International Herald Tribune
Australia's delicate dance on the global stage
SYDNEY Following visits by Prime Minister Tony Blair of Britain and U.S. Secretary of State Condoleezza Rice, the current visit to Australia by Prime Minister Wen Jiabao, is a further affirmation of China's rise in global significance. But the three visits are also an illustration of the increasing complexities of Australia's international relations.

The Blair and Rice visits were reminders of just how difficult it has been for Australia not to follow the lead of its oldest allies. It joined them in the mire of Iraq in a gesture that seemed in Asia to have even less logic than its involvement in Vietnam and to be at odds with its avowed attempts to strengthen relations with Asian neighbors and play down its Anglo- American connections. Australia has also signed a free-trade agreement with the United States that has more political than economic rationale.

But if Iraq showed the sense of dependence on America that Australia feels, the Wen visit illustrates that Australia has been edging away from the US when it comes to China policy. Australia has distanced itself from U.S. commitments to Taiwan's defense, avoided criticizing China's currency policy and generally given the impression that China is a partner, not a competitor or potential foe.

The reason is obvious: China has a thirst for Australian mineral and energy resources and is by far Australia's fastest-growing trade partner. Its economy is complementary not competitive. During Wen's visit an accord will be signed on uranium sales, despite deep-seated opposition in Australia to uranium exports. (Australia has 40 percent of global uranium reserves, but most states ban new uranium mines)

But how far can Australia go with its China relationship without upsetting the United States and Japan? In all the euphoria over deals with China, it is sometimes forgotten here that Japan is still by far Australia's largest export market, with America second. And despite the minerals boom, Australia has a trade deficit with China. With the China-Japan relationship shaping up as the most dangerous medium- to long-term threat in East Asia, Australia may at some stage be forced to choose between its old ally, the Japan-aligned United States, or attempt a neutrality that could be dangerous for a nation with many resources, including uranium and natural gas, but few people - and no nuclear weapons.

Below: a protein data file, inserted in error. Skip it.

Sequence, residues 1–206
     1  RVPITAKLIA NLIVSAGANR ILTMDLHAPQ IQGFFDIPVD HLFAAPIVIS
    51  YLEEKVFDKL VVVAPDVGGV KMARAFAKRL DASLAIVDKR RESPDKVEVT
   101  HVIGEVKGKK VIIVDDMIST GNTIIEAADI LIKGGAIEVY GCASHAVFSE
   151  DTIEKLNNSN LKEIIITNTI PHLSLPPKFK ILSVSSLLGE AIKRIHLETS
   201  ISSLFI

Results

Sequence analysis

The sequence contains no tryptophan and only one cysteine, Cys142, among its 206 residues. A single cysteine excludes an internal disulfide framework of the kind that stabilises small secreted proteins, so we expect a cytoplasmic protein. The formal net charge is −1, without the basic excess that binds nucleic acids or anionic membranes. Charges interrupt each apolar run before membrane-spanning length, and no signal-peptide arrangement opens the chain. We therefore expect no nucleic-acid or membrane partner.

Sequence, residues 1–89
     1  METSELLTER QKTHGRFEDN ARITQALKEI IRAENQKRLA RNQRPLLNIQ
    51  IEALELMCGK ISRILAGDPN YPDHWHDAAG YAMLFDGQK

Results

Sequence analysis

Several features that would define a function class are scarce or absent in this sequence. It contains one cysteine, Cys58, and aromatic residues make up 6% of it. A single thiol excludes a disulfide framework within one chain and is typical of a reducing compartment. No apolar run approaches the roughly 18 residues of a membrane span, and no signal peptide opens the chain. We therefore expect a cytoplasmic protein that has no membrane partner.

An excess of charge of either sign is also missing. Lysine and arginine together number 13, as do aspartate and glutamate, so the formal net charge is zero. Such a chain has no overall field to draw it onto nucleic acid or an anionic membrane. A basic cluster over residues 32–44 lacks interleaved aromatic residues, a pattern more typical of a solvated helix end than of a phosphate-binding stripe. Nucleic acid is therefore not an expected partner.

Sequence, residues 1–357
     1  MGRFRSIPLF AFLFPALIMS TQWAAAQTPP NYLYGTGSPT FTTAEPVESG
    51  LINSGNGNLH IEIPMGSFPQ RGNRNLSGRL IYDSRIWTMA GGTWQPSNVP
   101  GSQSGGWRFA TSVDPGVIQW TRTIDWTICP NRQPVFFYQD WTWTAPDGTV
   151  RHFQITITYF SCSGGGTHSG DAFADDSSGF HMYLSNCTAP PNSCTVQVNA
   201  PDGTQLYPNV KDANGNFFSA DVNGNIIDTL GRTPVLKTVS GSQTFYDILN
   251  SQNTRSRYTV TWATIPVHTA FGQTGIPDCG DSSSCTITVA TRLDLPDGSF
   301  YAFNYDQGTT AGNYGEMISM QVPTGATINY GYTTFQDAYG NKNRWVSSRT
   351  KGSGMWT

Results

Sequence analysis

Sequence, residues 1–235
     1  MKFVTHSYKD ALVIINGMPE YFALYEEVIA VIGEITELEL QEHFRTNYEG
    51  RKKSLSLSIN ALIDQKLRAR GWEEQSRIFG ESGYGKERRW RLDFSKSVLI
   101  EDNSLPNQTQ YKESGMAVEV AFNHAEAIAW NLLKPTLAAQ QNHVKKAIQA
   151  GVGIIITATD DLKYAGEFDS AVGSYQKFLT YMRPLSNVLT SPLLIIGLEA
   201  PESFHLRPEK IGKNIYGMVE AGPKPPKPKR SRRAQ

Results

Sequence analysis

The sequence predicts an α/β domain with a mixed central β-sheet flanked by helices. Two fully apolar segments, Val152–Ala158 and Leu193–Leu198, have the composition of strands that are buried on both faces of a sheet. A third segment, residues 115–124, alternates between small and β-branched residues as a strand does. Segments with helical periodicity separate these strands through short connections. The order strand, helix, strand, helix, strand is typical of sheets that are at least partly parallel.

Then there are the issues of Southeast Asia and India to contend with. India wants to be able to buy uranium too, and as a democratic nation should have more claim to do so than China. Yet India is currently barred because it is not a signatory of the Nuclear Nonproliferation Treaty. Nor is it clear how far Australia will go in joining hands with America in its military cooperation with India. As an Indian Ocean as well as Pacific power, Australia has the potential to play a significant cooperative role. But how would that affect its relations with China?

Then there is the 10-member Association of Southeast Asian Nations, which Australia long wooed. In December, Australia (like India) was welcomed to the East Asia Summit sponsored by Asean - but mostly because of a desire for counterweights to China. In any event, Asean itself is too disparate to be a force for anything beyond trade, and the wider East Asian grouping is irrelevant unless China and Japan can back away from nationalism.

Australia's international relations are currently also marked by a spat with Indonesia over would-be refugees from Papua, which is delaying a visit by Prime Minister John Howard to Jakarta. Australia has few fundamental differences with a Jakarta that knows it must deal with China but is suspicious and would prefer stronger ties with Japan. But even with the best of intentions, cultural frictions seem inevitable, whether set off by religious fundamentalists on either side or by the different levels of economic development. Sympathy within Australia for Papuan separatism is naturally infuriating for Jakarta, but there is little that Australia can do unless it is to use the same illiberal methods against Papuan refugees as it has against Muslim fundamentalists.

So though it may be nice for Australia to be visible on the global stage for reasons other than sports, it might have been more comfortable remaining a prosperous, medium-sized nation that the world was happy to ignore. Resources can be a curse as well as a blessing.